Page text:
Generally, there is a significant period (known as ‘dwell time’) between an attacker gaining access to your critical systems and the launch of the ransomware. Identifying unauthorised access to systems early can help stop an attack, so you need to consider:
– What monitoring is in place around those critical assets?
– Who checks the activity logs?
– How do staff report any suspicious activity?
– Are the thresholds for alerts set to the right level?
Q2. As an organisation, what measures do we take to minimise the damage an attacker could do inside our network?
Ransomware attacks cause damage and can spread fast within your systems, so the board may wish to know:
– How does the organisation authenticate and grant access to users or systems including M2M remote access?
– In what way would the organisation identify an attacker’s presence on the network?
– How is the network separated to limit access from one device?
Q3. Do we have an effective cyber incident management plan?
Organisations should think of ‘when’ rather than ‘if’ they experience a significant cyber incident and must plan their response with care and practice your response. A basic incident management plan should include:
– Identifying the key departmental contacts and incident response team
– Clear escalation routes and defined processes for critical decisions.
– Clear allocation of responsibility.
– At least one conference number is available for urgent incident calls.
– Guidance on regulatory requirements for reporting information breaches.
– Contingency measures for critical functions.
– Where can you access external resources?
Q4. Does your incident management plan meet the particular challenges of ransomware attacks?
There are features of ransomware attacks that more general incident management plans may not address. It is also important to discuss:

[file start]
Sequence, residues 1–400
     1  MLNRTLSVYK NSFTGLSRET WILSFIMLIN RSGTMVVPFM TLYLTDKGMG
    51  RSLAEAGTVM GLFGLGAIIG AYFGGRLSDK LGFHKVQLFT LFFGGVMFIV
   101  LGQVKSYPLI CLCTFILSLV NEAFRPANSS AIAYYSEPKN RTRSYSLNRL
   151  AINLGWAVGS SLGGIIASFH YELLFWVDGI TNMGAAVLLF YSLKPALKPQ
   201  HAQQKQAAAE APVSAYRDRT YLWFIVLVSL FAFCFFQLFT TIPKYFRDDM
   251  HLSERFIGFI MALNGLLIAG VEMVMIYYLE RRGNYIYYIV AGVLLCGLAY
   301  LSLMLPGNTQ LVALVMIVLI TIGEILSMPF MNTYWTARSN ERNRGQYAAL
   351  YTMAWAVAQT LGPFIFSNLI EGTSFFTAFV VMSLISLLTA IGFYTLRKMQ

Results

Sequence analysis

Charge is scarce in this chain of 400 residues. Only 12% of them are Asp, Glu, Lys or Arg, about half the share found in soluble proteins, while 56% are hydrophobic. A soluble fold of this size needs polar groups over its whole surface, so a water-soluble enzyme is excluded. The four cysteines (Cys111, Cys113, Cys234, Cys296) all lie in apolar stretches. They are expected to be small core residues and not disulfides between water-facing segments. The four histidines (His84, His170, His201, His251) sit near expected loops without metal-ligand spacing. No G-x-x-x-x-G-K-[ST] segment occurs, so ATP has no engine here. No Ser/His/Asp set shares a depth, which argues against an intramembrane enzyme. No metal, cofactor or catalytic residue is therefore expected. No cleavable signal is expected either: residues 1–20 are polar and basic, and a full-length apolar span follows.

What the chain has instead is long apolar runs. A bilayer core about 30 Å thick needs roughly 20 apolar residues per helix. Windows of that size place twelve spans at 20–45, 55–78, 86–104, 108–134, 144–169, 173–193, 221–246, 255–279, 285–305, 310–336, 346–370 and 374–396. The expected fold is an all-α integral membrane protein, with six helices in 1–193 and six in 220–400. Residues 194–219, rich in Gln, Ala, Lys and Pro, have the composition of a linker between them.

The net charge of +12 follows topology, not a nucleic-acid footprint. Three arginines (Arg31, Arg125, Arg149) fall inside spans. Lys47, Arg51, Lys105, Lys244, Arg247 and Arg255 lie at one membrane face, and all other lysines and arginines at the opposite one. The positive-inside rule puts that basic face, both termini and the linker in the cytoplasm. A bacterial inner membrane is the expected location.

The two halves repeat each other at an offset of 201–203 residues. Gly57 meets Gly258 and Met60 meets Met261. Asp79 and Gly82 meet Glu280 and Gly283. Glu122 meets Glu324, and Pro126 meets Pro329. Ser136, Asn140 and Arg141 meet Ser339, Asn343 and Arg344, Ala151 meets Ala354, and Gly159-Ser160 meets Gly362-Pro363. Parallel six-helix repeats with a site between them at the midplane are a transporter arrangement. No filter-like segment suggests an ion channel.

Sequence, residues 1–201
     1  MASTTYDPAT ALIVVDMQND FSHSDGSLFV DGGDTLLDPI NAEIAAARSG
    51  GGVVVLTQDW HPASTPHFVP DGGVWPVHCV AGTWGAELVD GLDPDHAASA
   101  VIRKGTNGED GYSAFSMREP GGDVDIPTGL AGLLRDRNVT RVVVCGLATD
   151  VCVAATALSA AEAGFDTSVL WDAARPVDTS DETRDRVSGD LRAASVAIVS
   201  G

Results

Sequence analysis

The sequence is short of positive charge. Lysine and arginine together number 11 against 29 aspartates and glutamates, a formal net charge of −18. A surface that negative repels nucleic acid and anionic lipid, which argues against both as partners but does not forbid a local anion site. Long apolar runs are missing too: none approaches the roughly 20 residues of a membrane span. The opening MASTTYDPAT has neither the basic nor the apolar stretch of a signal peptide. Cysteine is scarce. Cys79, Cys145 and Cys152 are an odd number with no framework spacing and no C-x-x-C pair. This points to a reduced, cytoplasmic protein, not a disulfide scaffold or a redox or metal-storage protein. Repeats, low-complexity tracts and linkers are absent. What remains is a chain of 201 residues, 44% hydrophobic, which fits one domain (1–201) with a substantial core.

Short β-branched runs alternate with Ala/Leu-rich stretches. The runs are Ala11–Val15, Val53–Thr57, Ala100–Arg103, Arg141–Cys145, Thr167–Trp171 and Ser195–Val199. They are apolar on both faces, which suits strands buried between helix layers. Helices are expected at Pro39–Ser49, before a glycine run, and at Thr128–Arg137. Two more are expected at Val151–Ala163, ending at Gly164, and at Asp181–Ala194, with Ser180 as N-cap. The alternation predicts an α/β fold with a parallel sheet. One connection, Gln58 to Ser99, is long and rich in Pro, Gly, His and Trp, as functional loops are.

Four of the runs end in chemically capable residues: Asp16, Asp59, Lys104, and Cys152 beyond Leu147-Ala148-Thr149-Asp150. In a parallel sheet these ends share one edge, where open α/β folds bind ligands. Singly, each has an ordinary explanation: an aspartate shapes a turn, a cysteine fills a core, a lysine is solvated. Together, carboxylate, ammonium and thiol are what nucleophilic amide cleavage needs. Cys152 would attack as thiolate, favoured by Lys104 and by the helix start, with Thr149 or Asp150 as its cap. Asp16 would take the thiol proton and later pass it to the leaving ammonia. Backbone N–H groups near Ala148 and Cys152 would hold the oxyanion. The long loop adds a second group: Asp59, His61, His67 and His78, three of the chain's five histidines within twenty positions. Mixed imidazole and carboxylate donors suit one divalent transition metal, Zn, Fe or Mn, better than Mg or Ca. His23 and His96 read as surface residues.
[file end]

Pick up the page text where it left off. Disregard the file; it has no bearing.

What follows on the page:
– How might we respond to a ransom demand and who decides?
– Are we prepared for a recovery that could take several weeks?
Q5. How is data backed up, and are we confident that backups would remain unaffected by a ransomware infection?
Ransomware often targets an organisation’s data backups, as this increases the likelihood of them paying. It is also essential that the board seek assurance on how backups are being made, and how secure they are, like:
– What data is ‘critical’ and how often is this backed up?
– How often is non-critical data backed up?
– Are you confident that you would be able to recover using these backups, and how often is this checked?
– Are backups stored securely and are they offline and kept in a different location from your network and systems, or in a cloud service?
And finally, ransomware resources available from NCSC.
Guidance on Mitigating malware and ransomware attacks
Blog: The Rise of Ransomware
Preventing Lateral Movement – Guidance for preventing lateral movement in enterprise networks.
Dealing with incidents
Incident Management: How to effectively detect, respond to and resolve cyber incidents
Cyber Incident Response – companies who can help organisations who have been the victim of a significant cyber-attack.
Exercise in a Box – NCSC’s free exercising tool offering desk-based, simulation and micro-exercises
Guidance on Effective steps to cyber exercise creation